Is questioning the presence of a mosque at Ground Zero really a sign of bigotry?
Or is it just common sense?
This week, the prospects of an Islamic center's rising on the boundary of the 9/11 terrorist attacks were all but assured when a New York City commission unanimously voted to allow the demolition of the building that now sits on the site.
Which, technically speaking, is the right thing to do.
After all, if we were to apply a skewed moral litmus test to First Amendment protections, we'd be no better than folks who support the Fairness Doctrine or oppose the Citizens United campaign finance decision.
And if we backed the use of zoning laws to compel others to act in accordance with our own value systems, hey, we'd be as tyrannical as the average environmentalist on the average city council.
But since when does deference to the Constitution prohibit a person from pointing out the obvious and worrisome symbolism of this project?
If we concede that a mosque at ground zero is a sign of our tolerance—and it is—surely debating the problems with its setting lets the world know we have the cognitive ability not to be a bunch of saps.
It is, you see, ugly and un-American to question the motivations of those opening an Islamic center a stone's throw from ground zero—a project that will cost $100 million—but not ugly of organizers to pick a spot that's a stone's throw from ground zero.
Those who have spoken out against the project—Sarah Palin, Rick Lazio, Newt Gingrich, and the Anti-Defamation League, among many others—have been accused of political grandstanding and, naturally, of peddling a form of unquenchable "bigotry."
Let's concede that grandstanding is a permanent feature of political interaction. (Though there have been fewer distasteful forms of grandstanding than the preening and imperious lecturing we see from those who decide what is and isn't tolerance.) But opposing the ideology of religious institutions—any religion—does not constitute bigotry.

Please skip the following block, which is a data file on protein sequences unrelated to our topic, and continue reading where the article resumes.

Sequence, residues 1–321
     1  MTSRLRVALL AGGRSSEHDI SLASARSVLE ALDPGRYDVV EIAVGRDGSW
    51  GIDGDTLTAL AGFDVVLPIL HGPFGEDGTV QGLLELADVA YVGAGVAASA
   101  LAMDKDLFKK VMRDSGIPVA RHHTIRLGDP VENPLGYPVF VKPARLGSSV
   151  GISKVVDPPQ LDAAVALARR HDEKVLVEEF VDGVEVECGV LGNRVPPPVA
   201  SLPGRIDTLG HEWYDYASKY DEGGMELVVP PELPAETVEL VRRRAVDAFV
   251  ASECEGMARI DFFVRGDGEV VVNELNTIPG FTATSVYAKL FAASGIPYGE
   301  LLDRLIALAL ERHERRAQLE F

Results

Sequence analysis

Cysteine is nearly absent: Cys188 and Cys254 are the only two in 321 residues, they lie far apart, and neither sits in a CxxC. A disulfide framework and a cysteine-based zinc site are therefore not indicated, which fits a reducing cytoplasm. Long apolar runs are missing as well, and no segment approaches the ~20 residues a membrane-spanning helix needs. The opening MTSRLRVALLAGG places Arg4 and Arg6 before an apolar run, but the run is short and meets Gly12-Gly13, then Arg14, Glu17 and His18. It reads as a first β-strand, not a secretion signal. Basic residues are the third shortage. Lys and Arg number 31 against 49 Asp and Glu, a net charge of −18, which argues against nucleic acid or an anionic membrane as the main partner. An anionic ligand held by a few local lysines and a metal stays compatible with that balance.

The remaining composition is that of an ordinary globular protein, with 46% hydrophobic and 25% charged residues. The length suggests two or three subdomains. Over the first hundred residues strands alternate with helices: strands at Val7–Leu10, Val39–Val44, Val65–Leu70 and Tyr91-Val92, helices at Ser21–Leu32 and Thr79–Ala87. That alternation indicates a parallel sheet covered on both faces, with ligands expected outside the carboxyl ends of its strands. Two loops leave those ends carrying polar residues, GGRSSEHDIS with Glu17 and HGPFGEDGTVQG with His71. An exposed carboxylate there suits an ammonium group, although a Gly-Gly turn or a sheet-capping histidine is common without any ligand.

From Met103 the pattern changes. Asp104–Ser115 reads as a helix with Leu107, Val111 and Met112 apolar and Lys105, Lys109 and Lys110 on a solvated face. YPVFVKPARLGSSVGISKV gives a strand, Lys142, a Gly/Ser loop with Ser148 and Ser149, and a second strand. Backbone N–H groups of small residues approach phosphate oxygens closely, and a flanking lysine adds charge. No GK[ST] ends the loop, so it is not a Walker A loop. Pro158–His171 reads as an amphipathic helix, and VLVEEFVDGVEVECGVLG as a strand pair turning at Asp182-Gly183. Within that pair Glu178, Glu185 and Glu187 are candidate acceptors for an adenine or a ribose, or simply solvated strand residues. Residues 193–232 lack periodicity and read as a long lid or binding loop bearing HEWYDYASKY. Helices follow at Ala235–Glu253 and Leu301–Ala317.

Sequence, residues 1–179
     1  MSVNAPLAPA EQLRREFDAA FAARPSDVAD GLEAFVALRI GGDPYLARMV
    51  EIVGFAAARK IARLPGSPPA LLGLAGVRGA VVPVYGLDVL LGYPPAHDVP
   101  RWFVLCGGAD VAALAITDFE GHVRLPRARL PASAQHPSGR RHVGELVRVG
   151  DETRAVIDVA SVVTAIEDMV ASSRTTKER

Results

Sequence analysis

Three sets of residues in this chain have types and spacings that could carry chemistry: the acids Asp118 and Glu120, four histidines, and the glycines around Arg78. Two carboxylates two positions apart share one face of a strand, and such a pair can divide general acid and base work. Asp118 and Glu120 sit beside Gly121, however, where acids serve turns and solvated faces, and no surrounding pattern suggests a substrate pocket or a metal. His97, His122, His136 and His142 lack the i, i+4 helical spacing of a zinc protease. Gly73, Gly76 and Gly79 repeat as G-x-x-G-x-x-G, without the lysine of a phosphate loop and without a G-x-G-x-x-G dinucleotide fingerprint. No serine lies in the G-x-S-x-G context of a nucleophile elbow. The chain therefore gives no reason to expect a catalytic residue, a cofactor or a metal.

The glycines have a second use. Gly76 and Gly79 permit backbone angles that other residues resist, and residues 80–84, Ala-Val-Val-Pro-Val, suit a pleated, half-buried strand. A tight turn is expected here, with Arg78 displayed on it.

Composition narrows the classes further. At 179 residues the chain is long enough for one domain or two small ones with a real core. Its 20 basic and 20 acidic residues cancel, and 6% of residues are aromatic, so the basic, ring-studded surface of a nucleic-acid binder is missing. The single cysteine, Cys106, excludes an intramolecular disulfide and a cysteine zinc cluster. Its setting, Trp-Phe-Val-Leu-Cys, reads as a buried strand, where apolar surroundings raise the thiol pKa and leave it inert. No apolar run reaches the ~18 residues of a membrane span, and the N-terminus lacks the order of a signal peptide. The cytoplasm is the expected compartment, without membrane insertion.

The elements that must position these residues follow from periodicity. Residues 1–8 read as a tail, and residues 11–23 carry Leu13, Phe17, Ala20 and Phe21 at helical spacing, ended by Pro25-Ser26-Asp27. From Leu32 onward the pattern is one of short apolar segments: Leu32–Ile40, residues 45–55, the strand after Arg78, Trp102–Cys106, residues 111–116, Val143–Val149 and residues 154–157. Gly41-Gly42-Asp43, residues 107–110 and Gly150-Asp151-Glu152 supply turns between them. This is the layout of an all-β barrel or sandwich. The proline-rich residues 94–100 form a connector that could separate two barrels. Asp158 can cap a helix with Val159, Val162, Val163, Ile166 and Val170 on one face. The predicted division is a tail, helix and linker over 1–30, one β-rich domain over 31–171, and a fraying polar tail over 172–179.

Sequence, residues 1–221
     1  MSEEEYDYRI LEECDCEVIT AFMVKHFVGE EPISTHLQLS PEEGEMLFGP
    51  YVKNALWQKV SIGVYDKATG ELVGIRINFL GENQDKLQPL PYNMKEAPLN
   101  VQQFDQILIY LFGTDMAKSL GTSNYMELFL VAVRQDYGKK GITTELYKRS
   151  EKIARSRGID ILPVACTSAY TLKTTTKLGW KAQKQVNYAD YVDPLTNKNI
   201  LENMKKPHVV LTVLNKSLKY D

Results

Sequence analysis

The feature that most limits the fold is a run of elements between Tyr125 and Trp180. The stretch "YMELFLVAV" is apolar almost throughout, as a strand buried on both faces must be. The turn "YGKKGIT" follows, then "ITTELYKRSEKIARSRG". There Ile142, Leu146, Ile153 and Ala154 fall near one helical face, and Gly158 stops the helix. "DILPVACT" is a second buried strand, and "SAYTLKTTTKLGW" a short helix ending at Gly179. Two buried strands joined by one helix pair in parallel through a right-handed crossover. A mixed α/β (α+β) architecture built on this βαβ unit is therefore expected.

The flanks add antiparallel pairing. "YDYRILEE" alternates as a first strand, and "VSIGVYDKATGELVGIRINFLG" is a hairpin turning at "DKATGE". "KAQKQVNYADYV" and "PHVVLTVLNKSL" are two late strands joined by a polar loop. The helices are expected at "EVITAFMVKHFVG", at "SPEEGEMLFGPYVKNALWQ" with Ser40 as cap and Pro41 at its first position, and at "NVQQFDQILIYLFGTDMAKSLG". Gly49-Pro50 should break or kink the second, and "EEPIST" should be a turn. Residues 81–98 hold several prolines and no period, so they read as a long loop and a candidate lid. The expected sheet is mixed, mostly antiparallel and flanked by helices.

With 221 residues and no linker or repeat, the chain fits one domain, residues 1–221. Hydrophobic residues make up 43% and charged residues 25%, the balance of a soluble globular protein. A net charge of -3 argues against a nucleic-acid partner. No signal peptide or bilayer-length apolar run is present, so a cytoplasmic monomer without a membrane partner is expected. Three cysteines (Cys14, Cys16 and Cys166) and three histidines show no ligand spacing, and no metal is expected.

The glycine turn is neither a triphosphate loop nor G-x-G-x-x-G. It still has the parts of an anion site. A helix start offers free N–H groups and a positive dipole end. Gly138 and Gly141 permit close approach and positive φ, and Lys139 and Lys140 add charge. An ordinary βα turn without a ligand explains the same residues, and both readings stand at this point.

Furthermore, Daisy Khan, a partner in the Cordoba project, conceded in an interview with National Public Radio that Islam "has been hijacked by the extremists, and this center is going to create that counter-momentum, which will amplify the voices of the moderate Muslims."
That would be a productive—if unprecedented—undertaking. We need more secularized Muslims. And, of course, reasonable Americans do not conflate the moderate with the radical. Yet even Khan states that the religion has been "hijacked." So surely, it is to be expected that some would be skeptical of the group's intentions.
There is, you see, some evidence to back the concern.
Though the Cordoba Initiative is under no obligation to do so, if its purpose is to battle extremism within Islam and build cooperation with other faiths, why not divulge the funders of the project? Why not unconditionally condemn Islamist terrorism?
Neither has happened.
Then again, even if we were boundlessly tolerant, there is an inescapable fact: This 13-story community center is going to be built two blocks from the worst modern atrocity committed in the name of Islam.
Such a project is not just in poor taste; for many Americans, it confirms their concerns about Islam's provocative nature.
How that helps interfaith dialogue remains a mystery.
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